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I am no linguist. Apart from schoolboy French, mostly long forgotten, I know no language other than English. Nevertheless, I have a love of language. One of the fascinating things about the English language is that, whilst there are some things for which there is more than one word, there are also many words that have more than one meaning.
It is the latter fact, in relation to one word in particular, that has mired the Irish Cancer Society in controversy in recent days. The particular word is “get”.
Meaning #1: acquire, as in “I’m going to get a new phone.”
Meaning #2: understand, as in “I get that there is more than one meaning for the word ‘get’.”
Meaning #3: to wreak revenge, as in “I’ll get you for that.”
The Society has been running a series of television and radio advertisements in which individuals are recorded saying “I want to get cancer.” Some of these clips are broadcast without any accompanying explanation. The explanation, when it comes, relies on a statistical prediction to the effect that half the population will be diagnosed with cancer in the next few years.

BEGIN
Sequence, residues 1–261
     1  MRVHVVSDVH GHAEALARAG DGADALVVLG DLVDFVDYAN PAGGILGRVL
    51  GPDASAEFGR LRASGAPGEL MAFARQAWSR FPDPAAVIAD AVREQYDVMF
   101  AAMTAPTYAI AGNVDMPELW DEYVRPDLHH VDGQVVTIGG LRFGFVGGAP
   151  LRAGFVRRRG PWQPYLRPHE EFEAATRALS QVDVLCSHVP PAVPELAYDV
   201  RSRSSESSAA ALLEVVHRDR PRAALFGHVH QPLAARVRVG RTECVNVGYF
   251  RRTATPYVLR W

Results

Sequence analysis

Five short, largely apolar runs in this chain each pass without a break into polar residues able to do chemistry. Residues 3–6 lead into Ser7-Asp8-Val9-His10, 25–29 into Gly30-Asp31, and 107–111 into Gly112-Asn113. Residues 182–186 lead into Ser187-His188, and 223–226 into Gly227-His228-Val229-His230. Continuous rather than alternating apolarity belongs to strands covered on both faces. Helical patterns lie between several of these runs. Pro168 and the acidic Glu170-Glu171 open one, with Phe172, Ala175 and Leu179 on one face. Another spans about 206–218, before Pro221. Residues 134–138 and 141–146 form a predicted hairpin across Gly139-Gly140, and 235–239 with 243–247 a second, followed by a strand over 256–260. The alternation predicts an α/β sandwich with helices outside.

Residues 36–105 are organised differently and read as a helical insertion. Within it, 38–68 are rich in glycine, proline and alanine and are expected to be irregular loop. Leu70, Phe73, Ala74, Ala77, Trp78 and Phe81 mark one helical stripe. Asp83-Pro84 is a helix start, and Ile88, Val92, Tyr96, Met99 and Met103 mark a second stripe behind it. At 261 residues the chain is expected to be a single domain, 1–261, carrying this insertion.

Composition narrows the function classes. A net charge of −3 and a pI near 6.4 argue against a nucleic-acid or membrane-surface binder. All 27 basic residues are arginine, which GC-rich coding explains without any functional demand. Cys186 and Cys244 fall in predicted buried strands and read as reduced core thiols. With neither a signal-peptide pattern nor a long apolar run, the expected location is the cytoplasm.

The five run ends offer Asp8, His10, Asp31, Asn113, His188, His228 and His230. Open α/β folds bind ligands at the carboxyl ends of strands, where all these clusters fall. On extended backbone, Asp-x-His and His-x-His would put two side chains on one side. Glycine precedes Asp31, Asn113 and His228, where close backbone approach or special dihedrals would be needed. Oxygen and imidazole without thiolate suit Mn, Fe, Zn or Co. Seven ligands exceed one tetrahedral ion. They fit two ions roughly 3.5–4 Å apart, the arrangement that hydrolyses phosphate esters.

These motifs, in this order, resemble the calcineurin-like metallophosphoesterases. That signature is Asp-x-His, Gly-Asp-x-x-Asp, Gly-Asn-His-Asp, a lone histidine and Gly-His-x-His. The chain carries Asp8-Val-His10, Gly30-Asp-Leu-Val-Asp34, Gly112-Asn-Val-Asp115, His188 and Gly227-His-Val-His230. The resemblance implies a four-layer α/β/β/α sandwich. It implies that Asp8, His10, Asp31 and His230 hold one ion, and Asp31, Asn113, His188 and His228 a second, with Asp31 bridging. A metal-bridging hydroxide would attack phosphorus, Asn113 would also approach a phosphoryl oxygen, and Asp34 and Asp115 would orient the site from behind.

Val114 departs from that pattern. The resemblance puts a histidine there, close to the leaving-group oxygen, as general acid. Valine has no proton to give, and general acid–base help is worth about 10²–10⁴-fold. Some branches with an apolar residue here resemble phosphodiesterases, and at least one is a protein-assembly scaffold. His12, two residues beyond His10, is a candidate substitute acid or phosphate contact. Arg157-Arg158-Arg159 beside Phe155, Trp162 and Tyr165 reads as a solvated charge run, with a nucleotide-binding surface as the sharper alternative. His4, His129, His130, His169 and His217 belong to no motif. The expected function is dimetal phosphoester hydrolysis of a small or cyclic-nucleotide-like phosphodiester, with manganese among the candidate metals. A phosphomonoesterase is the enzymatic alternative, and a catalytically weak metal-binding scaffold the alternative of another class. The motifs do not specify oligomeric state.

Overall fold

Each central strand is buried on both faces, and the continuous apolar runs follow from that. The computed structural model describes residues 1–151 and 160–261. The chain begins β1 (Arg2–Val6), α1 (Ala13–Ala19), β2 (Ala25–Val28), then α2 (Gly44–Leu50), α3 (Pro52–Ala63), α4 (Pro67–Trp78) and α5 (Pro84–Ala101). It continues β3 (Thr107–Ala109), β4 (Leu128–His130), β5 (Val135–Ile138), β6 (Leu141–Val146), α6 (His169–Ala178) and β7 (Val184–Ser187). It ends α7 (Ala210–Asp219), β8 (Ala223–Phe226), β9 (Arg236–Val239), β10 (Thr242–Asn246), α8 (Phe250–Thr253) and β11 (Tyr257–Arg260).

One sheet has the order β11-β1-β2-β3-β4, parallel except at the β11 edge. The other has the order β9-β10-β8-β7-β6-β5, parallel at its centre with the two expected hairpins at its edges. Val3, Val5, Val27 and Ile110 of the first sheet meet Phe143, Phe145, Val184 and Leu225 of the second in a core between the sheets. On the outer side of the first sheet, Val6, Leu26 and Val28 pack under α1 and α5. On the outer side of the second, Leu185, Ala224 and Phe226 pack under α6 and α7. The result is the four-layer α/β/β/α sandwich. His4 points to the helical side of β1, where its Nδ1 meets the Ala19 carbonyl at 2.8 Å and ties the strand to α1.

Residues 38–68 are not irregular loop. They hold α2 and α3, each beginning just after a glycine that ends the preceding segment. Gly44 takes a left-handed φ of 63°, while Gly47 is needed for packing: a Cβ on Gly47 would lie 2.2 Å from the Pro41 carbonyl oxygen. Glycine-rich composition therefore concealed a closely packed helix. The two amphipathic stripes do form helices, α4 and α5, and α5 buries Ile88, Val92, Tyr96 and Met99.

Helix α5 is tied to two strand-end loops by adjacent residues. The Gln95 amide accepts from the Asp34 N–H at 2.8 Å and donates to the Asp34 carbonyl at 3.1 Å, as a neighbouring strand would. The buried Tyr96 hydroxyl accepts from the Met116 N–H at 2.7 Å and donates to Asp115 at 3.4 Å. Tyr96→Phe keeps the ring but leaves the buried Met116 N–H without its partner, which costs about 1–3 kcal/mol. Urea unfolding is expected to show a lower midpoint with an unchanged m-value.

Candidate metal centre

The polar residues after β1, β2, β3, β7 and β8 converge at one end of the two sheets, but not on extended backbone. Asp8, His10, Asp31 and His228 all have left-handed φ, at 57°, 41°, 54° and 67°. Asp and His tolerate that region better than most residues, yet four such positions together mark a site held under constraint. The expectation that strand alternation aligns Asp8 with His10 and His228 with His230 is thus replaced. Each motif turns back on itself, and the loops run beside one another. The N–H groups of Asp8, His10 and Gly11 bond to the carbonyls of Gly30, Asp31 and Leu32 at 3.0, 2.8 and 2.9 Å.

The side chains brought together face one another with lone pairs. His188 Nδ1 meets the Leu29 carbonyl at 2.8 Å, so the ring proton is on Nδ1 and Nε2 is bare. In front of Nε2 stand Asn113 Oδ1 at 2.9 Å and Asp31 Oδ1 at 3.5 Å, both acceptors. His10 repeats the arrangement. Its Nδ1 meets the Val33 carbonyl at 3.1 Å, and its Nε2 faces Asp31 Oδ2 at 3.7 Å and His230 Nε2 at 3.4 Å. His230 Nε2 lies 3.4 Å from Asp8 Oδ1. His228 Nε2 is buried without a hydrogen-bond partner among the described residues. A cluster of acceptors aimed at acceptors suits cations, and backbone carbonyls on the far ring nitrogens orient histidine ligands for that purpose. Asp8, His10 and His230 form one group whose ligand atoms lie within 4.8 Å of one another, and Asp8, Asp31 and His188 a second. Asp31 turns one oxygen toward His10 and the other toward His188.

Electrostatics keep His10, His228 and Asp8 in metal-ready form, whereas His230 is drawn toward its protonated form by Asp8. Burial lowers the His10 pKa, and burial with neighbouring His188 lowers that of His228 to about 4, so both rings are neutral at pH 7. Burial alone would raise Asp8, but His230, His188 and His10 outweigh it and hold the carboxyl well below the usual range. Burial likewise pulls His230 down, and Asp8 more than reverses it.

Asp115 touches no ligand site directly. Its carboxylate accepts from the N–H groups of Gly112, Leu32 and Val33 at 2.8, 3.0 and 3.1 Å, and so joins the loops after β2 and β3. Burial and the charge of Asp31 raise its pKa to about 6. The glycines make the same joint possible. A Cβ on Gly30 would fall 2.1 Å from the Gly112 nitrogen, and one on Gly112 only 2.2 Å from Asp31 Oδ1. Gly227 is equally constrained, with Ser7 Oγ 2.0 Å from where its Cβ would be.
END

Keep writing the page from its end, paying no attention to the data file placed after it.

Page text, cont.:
The individuals in the advertisements are implying that if one out of every two people is going to be diagnosed, they would rather it was them than their friend, partner or close relative.
The society’s message goes on to point out that they, too, want to “get” cancer, both in the sense that they are working hard to understand cancer in order to find more effective treatments, and that their aim is, not so much to wreak revenge on it, as to destroy it.
It is a clever play on words and the wonderful peculiarities of our language. The problem is that, whilst literate adults have no problem grasping the underlying message, the way it is presented, with people saying they want to get cancer with no explanation, children, especially those who may have seen a close relative die from cancer, are disturbed by the thought that anyone would want to acquire such a devastating disease.
One mother, whose 20 year old son was diagnosed with a particularly nasty form of the disease in August and died shortly before Christmas, is so angry that she has posted an open letter to the Society on Facebook. The post has received a great many “shares” and “likes” and attracted many messages of support.
Whoever came up with this idea at the Society – or approved it, if devised by an agency – is probably regretting their decision. The official line is that they wanted to get (that word again!) people talking. Whether the conversation that is being had is the one they wanted, however, is questionable.